Under federal law, it is unlawful to “manage or control any place, whether permanently or temporarily, either as an owner, lessee, agent, employee, occupant, or mortgagee, and knowingly and intentionally rent lease profit from, or make available for use, with or without compensation, the place for the purpose of unlawfully manufacturing, storing, distributing, or using a controlled substance.” 21 U.S.C. § 856. As such, landlords leasing space to cultivators or retailers can be precluded from accessing the bankruptcy system to reorganize or potentially having all of their assets liquidated by a bankruptcy trustee. For example, a landlord that received approximately 25% of its income renting space to a cultivator faced the dismissal or conversion of its bankruptcy case. See In re Rent-Rite Super Kegs, 484 B.R. 799 (Bankr. D. Col. 2012). The Court reasoned that a reorganization was unavailable due to the receipt of illegal income by the landlord and a potential liquidation of assets (e.g., the building of the landlord debtor), which would not be a federal crime for a trustee to undertake, was a potential option for a Chapter 7 trustee.
Additionally, it is a federal crime to sell or offer for sale any “equipment, product, or material or any kind which is primarily intended or designed for use” in manufacturing a controlled substance. 21 U.S.C. § 863. The USTP’s position with respect to ancillary businesses violating this provision is highlighted in In re Mayer, 2:21-bk-06572-DPC (D. Ariz. 2022). In this case, the individual debtor derived income from a corporation of which he was a significant shareholder known as Rosinbomb. The company manufactures and sells extraction presses that can be used to generate rosin from cannabis resin. The process creates a concentrated form of marijuana, “commonly referred to as ‘dabs.’” Id. at note 20.
The Court determined that because Mr. Mayer derived his income from Rosinbomb, which was engaged in the manufacture and supply of equipment sold to the marijuana industry, Chapter 13 relief was unavailable. While Mayer argued his company’s presses could be used to extract oils from various materials other than cannabis, he could not evidence sales unrelated to the cannabis industry. Id. Ultimately, the Court determined that the equipment constituted “drug paraphernalia” under federal law, and even if it did not, the fact that Rosinbomb knew its machines were used in the marijuana industry was also a violation of the Controlled Substances Act. Id. Despite the fact that Mr. Mayer was not personally selling the equipment, the fact that his sole source of income flowed directly from Rosinbomb’s illegal activities was sufficient to dismiss his bankruptcy petition.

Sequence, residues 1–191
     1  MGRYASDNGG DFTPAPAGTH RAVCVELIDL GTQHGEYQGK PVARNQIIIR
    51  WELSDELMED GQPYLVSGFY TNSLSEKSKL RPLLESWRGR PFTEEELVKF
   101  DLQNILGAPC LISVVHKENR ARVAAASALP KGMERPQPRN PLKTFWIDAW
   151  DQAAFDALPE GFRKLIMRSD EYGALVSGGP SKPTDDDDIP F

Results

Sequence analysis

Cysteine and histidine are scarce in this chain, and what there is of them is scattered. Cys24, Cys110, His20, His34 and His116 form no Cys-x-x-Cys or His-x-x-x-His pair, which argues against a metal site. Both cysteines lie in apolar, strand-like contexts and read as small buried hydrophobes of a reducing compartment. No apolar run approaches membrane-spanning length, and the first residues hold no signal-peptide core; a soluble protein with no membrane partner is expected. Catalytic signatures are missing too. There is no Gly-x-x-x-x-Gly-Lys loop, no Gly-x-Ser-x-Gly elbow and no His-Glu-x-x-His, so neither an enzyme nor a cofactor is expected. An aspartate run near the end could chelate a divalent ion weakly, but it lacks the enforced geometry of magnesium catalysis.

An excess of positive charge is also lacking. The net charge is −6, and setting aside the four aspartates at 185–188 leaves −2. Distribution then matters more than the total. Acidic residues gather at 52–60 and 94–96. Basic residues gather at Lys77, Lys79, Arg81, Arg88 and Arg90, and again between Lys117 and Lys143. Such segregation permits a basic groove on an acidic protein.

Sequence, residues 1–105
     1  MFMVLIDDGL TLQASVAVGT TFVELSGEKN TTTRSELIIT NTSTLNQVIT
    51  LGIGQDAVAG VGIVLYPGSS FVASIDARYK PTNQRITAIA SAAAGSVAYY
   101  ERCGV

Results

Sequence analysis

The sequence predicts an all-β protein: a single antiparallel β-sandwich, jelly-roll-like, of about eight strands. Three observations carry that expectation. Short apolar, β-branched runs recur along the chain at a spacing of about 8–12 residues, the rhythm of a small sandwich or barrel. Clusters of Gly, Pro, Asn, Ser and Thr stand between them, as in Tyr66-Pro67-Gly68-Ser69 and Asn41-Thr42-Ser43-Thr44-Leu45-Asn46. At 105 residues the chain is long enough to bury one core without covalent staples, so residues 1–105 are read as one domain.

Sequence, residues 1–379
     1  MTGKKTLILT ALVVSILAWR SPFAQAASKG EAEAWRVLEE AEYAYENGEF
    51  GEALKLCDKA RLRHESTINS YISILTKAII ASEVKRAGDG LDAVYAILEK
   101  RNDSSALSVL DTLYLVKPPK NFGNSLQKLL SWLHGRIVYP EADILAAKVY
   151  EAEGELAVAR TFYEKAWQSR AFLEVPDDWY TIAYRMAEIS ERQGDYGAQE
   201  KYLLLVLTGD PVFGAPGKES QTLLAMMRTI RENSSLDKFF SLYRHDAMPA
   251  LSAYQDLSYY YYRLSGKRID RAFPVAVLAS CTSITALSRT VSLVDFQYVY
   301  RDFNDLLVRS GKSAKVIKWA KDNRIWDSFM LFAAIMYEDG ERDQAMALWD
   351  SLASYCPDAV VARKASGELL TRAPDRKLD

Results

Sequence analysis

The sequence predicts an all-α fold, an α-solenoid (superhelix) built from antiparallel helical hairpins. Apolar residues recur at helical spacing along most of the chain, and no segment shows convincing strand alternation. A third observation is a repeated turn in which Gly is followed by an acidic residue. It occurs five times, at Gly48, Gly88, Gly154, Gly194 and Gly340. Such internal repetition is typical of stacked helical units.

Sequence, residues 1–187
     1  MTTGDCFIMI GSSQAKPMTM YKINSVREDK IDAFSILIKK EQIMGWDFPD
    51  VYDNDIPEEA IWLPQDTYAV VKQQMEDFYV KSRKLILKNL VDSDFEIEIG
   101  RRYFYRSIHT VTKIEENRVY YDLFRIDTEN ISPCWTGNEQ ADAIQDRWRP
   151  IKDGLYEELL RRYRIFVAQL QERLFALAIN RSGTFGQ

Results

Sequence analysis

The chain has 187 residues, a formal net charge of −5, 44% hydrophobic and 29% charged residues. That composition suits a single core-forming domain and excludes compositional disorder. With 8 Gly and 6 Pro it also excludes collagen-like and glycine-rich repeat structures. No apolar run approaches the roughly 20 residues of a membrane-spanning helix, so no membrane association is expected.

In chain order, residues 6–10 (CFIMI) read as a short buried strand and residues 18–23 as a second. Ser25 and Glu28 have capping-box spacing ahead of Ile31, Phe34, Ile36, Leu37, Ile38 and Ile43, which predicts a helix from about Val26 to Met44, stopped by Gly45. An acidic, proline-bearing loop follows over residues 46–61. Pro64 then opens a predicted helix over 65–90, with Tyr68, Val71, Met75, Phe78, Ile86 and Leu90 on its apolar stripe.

In states where marijuana has been legalized, state law insolvency proceedings may be an alternative to bankruptcy to afford financial relief to a marijuana business denied access to the bankruptcy courts. One option would be to initiate a receivership where the entity’s assets would be placed in the custody and control of a court-appointed receiver for liquidation. Another alternative is an assignment for the benefit of creditors, where the assets of the entity or assignor are assigned to an assignee to be liquidated for the benefit of creditors.
The point at which a debtor’s involvement in a business or sources of income that have a connection to the cannabis industry is sufficiently attenuated to avoid outright dismissal or a liquidation of assets in bankruptcy is unclear. For example, would the owner of a nursery that knowingly sells gardening supplies used by an individual for marijuana cultivation be precluded from bankruptcy? Would a landscape company working for a landlord that rents his entire building to a marijuana cultivator risk being barred from bankruptcy protection? As the cannabis industry expands, individuals and businesses need to be cognizant that their economic relationships with industry participants that may put them at risk of being shut out of the only legal mechanism available to permit a business or individual to reorganize their financial interests.